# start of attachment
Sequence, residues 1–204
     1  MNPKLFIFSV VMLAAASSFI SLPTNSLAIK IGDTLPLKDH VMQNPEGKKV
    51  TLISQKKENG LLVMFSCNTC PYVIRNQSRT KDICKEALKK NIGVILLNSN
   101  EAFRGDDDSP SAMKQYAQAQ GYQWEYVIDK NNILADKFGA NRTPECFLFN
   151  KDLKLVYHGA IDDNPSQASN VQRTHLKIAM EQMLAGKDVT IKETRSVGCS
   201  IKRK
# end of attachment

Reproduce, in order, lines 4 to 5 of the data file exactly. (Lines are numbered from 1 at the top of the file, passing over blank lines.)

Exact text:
   101  EAFRGDDDSP SAMKQYAQAQ GYQWEYVIDK NNILADKFGA NRTPECFLFN
   151  KDLKLVYHGA IDDNPSQASN VQRTHLKIAM EQMLAGKDVT IKETRSVGCS